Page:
Figures: I feel that any entity or line item in the budget needing more money will definitely be a problem if the state's revenue has not increased at the same rate. It is well past the time that we realistically and fairly deal with tax reform in the state of Alabama. As this administration has sought to cut expenses and waste, we must realize that that can only go so far. As lawmakers, we have a responsibility to protect the health, safety and welfare of the citizens of Alabama, and that takes money as well as sound policies.
What do you feel are the biggest successes achieved under your leadership?
Hubbard: Well, I’m very proud of a number of them, and it’s only been two years and we’ve accomplished a lot. I’m very proud of the ethics reform that we passed right off the bat, taking us from having some of the weakest ethics laws in the country to some of the strongest. Very proud of that. I’m proud of what we’ve done from an economic development standpoint, job creation standpoint. Again, we are very pro business and private sector oriented. The first bill that we passed, the first bill signed into law by our new governor, Gov. Bentley, was the Rolling Reserve Act. I’m very proud of that because in my opinion it’s going to do away with proration in the Education Trust Fund. I mean, in essence it’s provides some restraint and forces the legislature to have discipline and not appropriate every dime of money they think is going to be available. I’m proud that we have put that into law. We have followed it, we haven’t had a prorated budget since we took over and I don’t believe we ever will. I’m proud of that.
I’m also proud of the tenure reform. I’m proud that we finally have a tenure law that protects the best teachers and rewards the best teachers instead of protecting the worst. It’s very simple in the business world, if you do a good job then you are rewarded for that and you keep your job. If you do a bad job then you get fired.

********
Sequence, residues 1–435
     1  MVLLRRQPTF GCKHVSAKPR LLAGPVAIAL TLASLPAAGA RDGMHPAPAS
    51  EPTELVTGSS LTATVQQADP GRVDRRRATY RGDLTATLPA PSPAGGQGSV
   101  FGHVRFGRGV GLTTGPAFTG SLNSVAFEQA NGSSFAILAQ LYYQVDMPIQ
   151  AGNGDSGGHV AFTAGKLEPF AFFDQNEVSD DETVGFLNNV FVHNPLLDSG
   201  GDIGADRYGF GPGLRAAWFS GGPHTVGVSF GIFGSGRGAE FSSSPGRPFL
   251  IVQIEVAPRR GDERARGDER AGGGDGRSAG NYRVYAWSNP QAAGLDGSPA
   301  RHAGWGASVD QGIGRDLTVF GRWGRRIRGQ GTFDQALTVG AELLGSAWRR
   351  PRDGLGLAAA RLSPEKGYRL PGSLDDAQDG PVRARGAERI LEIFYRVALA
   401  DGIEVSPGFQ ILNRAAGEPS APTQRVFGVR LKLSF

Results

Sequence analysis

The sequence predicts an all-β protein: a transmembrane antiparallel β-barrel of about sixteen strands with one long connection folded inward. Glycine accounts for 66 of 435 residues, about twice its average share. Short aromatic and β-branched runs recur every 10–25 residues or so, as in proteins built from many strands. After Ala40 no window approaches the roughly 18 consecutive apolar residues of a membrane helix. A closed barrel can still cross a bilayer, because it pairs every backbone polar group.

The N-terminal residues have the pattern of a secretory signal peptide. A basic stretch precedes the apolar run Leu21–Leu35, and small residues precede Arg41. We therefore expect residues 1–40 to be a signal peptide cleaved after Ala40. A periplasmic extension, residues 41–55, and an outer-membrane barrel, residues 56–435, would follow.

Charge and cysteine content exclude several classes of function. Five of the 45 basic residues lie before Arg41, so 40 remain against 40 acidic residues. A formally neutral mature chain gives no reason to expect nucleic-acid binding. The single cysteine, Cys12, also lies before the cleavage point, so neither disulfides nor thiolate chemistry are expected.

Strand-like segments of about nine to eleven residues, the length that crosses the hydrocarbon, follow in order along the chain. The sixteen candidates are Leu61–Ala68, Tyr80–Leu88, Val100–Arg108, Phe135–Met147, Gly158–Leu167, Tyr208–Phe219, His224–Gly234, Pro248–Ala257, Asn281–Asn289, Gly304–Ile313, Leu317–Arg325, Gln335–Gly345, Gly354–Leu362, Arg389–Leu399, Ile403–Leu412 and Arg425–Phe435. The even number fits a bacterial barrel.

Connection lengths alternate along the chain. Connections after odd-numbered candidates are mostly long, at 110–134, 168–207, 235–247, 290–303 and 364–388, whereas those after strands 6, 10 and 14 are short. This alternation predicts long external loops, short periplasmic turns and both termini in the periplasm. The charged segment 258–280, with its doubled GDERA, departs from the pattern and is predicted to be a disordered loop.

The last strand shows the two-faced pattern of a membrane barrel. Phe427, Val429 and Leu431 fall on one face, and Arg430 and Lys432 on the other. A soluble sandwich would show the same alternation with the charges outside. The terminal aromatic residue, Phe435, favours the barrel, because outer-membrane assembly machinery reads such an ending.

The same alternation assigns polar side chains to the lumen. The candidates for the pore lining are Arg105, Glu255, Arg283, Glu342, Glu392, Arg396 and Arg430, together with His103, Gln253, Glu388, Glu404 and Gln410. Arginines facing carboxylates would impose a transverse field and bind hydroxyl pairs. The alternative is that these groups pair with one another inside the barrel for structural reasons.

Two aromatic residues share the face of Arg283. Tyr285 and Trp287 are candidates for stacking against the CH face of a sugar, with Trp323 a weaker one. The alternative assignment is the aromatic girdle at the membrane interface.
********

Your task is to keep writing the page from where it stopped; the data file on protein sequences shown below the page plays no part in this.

Marsh: Ethics reform was huge, and in my opinion it has truly changed the way Montgomery works. Tenure reform is another. By and large our teachers do an excellent job. It’s a reasonable process and from all indications it’s working fine.
Tort reform….we’ve always believed the stronger your business climate can be , it benefits everybody and it benefits your professional sector. The changes in
insurance and retirement with new hires have helped us moving forward.
We’ve had many successes, especially when you look at the pressure this legislature has been under on the financial side. Just look at the rolling reserve act that put us in a position where we may never have proration again. All of these things are very positive. I’m as excited about the next session as much as I’ve been excited about anything. The reform measure will have the ability to save the state 100s of million of dollars, as we get those costs under control and make those dollars available to make sure our retirement and insurance systems are sound.
Ford: Funding the PACT program back in 2010. We generated $547 million through a piece of legislation to help fully fund it at that point in time, and that ‘s kept it afloat these additional years. Also, stopping charter schools, and
sponsoring a pay raise for educators state employees, firefighters and law enforcement.
(Editorial note: Sen. Figures is going into her first year as minority leader.)
AL: What are the best ways for constituents to contact their legislator during a session in order to be involved with the legislative process?
Hubbard: Well, there are a number of ways to reach a legislator. In the House of Representatives especially, you know we’re the closest to the populace. That’s our motto, vox populi, voice of the people. And so, you can contact by email on the legislature’s website. Many of our members, in fact most of our members, have Facebook pages and Twitter accounts. But you know there’s nothing better than good old face-to-face time. If you see a legislator at the grocery store or at the coffee shop or whatever, there’s nothing better than sitting down and having a conversation. And picking up the phone, doing it the old fashioned way. If you have something that you’re interested in I can tell you from me as a legislator that nothing means more, and I mean lobbyists are great and we need lobbyists, but nothing means more when a constituent who has personal knowledge of an issue and brings that to your attention and gives you their opinion, it means a lot. And I can tell you that we listen.
Marsh: The best way to contact your legislator is through our website, http://www.legislature.state.al.us/
To contact my office, our website is http://www.alprotem.com/.
Ford: During the session, you can call the main number, (334)244-7600, to get a direct message to me, or you can call the office of the House Minority Leader, 334-353-3091. My email is email@example.com
Figures: Constituents can contact us via our Montgomery and local legislative delegation offices by telephone and making a personal visit, or write us via email or USPS.